Our nearest neighbors on Little Pumpkin Creek were the Charles Daly family, who lived about two miles above our ranch, and who ran sheep and also raised some fine range horses. The George Horkan family lived about 2 miles below our place. Horkan was the largest stockman near us, raising both sheep and cattle.
Several years after we moved to the ranch on Pumpkin Creek, my foster sister, Emma, married Billy Glenn and he took a job as Range Foreman for George Horkan. They first lived at the old Cameron place about a mile below our ranch. Soon after my sister Tillie came to live with them. We started school at the South Stacey School about 7 miles from our ranch.
My foster parents had a one-horse buggy and harness, but we had no horse who was gentle and safe for us kids to drive to school. So finally Mr. Horkan loaned us a horse called old Romeo. He limped slightly on one leg from a bad wire cut but was gentle and safe for us to drive to school. We took Molly Daly, a neighbor girl, along with us. One morning, going down a sidehill near Stacey, Molly hit Romeo with the whip, he lunged forward, and over went our buggy and out we tumbled, lunch pails, laprobes and all, down the hill into the creek. We were lucky nobody was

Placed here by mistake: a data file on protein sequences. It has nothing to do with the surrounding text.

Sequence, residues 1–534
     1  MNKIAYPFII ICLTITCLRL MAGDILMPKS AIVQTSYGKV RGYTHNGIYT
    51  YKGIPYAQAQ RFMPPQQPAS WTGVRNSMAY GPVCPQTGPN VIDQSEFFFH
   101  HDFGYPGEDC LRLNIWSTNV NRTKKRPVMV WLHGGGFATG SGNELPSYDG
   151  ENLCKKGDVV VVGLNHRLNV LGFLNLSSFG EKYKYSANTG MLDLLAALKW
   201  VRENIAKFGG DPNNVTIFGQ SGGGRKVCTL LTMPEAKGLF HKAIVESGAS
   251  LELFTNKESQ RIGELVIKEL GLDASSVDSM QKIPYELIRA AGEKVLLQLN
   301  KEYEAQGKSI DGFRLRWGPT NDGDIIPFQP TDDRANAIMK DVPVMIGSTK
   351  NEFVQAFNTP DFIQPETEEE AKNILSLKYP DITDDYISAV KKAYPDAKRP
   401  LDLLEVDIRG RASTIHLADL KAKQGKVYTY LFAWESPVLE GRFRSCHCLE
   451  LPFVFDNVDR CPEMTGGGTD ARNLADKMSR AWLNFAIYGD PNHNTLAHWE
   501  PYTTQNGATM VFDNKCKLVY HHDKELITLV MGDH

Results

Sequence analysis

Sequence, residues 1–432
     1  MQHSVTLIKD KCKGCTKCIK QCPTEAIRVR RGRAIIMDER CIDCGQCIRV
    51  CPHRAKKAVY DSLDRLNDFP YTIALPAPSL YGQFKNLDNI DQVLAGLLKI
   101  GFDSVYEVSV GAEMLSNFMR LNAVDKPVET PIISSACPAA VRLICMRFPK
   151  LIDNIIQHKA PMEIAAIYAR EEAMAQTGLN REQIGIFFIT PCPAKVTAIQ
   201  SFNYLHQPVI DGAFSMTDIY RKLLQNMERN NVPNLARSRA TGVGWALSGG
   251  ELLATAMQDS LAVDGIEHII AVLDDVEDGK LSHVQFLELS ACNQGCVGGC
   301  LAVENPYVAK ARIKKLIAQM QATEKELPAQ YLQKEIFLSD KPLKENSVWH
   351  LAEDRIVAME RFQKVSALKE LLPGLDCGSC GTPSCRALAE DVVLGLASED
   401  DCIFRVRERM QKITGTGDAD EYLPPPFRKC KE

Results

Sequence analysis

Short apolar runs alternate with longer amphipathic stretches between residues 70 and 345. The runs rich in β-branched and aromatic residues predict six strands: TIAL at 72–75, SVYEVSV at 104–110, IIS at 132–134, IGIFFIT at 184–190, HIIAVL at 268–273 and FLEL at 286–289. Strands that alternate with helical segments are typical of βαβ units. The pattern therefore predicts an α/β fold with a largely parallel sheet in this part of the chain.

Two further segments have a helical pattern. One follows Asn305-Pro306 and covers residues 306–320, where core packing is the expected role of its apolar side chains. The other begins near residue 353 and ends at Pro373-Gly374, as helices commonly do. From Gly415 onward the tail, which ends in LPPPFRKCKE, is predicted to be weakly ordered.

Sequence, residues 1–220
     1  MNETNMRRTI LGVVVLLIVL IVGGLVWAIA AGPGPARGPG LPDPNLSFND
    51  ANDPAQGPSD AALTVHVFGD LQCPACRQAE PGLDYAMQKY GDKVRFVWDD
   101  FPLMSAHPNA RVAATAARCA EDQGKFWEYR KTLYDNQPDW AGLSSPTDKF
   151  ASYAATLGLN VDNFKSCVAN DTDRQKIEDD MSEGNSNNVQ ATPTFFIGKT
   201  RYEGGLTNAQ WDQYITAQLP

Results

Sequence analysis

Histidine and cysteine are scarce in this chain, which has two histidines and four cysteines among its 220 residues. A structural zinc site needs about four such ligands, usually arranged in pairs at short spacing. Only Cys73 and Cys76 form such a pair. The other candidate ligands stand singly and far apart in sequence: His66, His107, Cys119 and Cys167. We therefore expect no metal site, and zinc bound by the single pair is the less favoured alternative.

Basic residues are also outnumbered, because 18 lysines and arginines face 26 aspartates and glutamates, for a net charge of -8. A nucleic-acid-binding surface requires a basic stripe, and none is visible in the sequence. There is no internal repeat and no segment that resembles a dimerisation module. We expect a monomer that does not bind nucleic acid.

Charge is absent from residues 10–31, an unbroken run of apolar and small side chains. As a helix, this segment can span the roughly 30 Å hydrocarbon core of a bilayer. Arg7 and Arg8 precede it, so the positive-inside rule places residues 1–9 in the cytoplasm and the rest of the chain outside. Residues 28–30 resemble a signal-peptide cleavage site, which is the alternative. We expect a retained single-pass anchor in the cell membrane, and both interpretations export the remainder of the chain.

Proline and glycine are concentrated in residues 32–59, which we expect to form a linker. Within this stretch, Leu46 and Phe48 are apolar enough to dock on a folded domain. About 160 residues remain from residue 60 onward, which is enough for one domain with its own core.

and some way the buggy righted itself and Romeo went on to school with the buggy but no kids. Nothing for us to do but start for school on foot, carrying our lunch pails, coats, and laprobes. But soon here came the whole school, teacher and all, with their buggies, horseback and on foot, scared half to death that we all had been killed or hurt in the accident. This was just one of many experiences we had going to the South Stacey School until the North Stacey School was built. Then we were all near enough to walk to school or rode our own ponies.
About a mile from our school was a large high rock and from a distance it looked like an old European Castle. On the last day of school all the kids from North Stacey School and the teacher would have a picnic and then go to Castle Rock to spend the rest of the day. There were holes large enough for a person to crawl into that opened into a larger room dug by some pre-historic people or Indians and we would start a fire in the larger room so we could watch the smoke come out of various holes that were too small to crawl into. We all carved our names or initials in the south wall. I carved my name, the date, and a bucking bronco on my last term at North Stacey School in 1915. It dosen't seem so long ago but it is a long time in the past, 51 years ago. When I last saw Castle Rock in 1962 the carvings were all very plain and legible.